Greenbacks for Golden Coins

The value of the U-S dollar has stumbled in recent years, making some people lose faith in the U-S economy, instead turning to more tangible forms of money.  KJZZ’s Tony Ganzer reports on a trend bringing financiers, survivalists, and average Joes together in a modern Gold Rush.

Gold and other precious metals have long been the “insurance” currency of survivalists and other people who think the paper U-S dollar won’t hold up in the future.  Some gold proponents say the dollar is failing, and gold will be the only currency that will always be money—regardless of what happens in world markets.

(NATS:  gold “harmonics” …Smith—“now that’s the sound of real money.”)

TG: Richard Smith owns the Coin Gallery of Phoenix; Arizona’s largest coin shop, selling everything from silver pieces, to gold coins and bouillon, to pieces of platinum.  He demonstrates how you know “real gold” by the harmonic tone two gold coins produce when tapped together.

(NATS: harmonic—SMITH: oh..I can do better…harmonic)

TG: Dollar-doubters are no longer the only people converting their greenbacks to golden coins and bars.  Smith says his business has increased sharply in the last couple of years.  He says college professors, financiers, and people from all walks of life frequent his shop,

SMITH: “A lot of people got shaken out of stocks in 2001, when it proved not to be going to the moon.  The pressure’s on the dollar.  Deficit spending has really shaken people’s faith in the dollar, both regular people on the street, and central bankers, and they’re going to tangible assets…Gold is my preference as a good old fashioned money substitute.”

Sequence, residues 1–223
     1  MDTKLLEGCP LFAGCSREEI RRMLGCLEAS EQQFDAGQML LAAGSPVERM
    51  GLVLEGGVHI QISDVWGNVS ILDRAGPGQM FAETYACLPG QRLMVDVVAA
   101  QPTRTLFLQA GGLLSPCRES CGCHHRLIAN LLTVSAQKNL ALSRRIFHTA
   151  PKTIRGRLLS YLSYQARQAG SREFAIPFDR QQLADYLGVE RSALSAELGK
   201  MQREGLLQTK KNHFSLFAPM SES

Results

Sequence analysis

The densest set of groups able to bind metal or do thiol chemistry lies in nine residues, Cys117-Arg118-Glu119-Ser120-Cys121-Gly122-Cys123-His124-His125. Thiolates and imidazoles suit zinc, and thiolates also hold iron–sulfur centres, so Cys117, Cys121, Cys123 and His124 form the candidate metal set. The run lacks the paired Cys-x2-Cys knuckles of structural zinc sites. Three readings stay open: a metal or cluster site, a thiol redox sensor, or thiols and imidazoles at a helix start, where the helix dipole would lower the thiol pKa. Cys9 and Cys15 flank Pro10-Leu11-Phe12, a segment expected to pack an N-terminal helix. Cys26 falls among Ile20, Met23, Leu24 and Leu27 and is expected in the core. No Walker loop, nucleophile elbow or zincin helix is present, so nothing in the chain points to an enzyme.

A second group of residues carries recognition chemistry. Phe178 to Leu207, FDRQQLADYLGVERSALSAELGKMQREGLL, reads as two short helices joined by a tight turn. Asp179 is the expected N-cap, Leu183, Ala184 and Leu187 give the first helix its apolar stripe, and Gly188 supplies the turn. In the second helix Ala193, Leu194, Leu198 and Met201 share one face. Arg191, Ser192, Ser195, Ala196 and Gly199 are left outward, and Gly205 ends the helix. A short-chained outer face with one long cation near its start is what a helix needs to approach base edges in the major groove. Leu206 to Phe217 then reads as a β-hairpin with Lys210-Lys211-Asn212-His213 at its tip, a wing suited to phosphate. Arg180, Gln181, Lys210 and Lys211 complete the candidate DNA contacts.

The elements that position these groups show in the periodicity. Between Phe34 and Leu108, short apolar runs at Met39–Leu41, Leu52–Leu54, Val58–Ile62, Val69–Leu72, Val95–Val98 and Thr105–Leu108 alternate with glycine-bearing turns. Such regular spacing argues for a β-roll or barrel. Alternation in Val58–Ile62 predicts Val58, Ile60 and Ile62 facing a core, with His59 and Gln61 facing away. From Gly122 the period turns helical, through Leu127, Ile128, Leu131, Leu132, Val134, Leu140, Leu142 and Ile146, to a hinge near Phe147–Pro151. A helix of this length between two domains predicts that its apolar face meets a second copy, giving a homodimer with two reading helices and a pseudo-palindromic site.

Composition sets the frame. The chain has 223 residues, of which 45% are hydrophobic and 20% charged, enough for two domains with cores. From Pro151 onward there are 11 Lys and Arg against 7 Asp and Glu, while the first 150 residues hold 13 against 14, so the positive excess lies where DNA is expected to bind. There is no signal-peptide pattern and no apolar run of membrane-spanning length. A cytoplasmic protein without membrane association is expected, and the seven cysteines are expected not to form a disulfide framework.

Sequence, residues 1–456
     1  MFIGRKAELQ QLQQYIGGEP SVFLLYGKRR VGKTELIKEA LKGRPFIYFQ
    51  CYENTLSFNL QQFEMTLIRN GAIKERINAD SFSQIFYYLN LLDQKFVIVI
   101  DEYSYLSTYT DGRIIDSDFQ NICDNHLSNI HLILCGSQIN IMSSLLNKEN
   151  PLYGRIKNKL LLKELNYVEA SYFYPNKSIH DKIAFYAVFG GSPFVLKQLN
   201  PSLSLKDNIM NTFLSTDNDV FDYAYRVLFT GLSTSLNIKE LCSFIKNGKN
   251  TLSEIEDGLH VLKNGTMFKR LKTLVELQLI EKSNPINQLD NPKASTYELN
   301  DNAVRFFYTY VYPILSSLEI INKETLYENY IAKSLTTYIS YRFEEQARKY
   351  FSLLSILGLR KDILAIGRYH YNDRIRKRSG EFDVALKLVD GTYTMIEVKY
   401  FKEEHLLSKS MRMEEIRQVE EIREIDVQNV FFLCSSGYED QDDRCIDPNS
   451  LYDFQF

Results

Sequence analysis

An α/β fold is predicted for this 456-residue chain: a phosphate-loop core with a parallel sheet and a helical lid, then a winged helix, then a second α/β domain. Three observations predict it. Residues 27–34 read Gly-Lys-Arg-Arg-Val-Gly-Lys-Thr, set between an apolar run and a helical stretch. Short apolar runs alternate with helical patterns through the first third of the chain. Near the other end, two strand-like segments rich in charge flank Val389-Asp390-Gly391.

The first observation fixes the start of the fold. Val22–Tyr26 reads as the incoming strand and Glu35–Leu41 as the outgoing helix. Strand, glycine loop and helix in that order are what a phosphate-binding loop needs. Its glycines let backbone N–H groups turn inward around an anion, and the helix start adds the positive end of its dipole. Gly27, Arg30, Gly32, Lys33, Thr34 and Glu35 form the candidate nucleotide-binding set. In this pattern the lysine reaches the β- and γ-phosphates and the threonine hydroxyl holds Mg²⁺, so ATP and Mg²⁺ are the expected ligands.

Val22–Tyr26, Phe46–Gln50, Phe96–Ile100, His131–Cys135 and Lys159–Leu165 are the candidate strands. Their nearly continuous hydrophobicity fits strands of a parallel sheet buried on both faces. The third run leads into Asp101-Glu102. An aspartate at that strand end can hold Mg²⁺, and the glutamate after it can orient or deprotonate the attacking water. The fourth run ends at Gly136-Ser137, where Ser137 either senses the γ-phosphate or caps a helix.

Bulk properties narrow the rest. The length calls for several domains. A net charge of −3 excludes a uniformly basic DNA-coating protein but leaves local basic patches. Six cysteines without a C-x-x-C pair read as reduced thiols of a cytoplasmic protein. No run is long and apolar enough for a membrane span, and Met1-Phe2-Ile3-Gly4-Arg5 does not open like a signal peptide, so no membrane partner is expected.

TG:  But why would someone need a money substitute?  Green backs are money like anything else, aren’t they?  The reason lies, Smith says, in world trade.  The dollar, like most things, is influenced by world business, and how much faith people put in the U-S government, the dollar’s biggest supporter.  If people start to lose trust in the U-S economy, the value of the dollar falls.

SMITH: “Blame it on what you want..but it’s a loss of faith in the dollar.  You can say gold has gone up two and a half times, or you can say the dollar has depreciated two and a half times against gold.”

TG:  According to some experts, the fall of the dollar is not necessarily always a bad thing.  Lee McPheters is with Arizona State University’s W.P. Carey School of Business.
He says a lower-value dollar, may actually help the U-S and local economies, and might not be a sign of an impending market/currency crash.

MCPHETERS:  “Even though we don’t like the concept of the dollar getting weaker, the fact is a weaker dollar will help our aerospace industry which is one of our big exporters.  It will probably help us in electronics and copper as well.”

TG:  A cheaper dollar, means other countries can buy more U-S products for the same turn helping the overall economy.

(NATS: Fade up nats of shop)

TG:  But Richard Smith in the Coin Gallery insists Gold is a viable option for long-term saving.  He says many of his customers know the value of gold may flux a little with world markets, but it’s a proven substance that retains much of its value over time.

Sentiments like that have spurred a new kind of gold rush.  Gold bottomed out in 2001 at a low of $250 an ounce, and is now trading for a little more than $630 per ounce.

For KJZZ, I’m Tony Ganzer.

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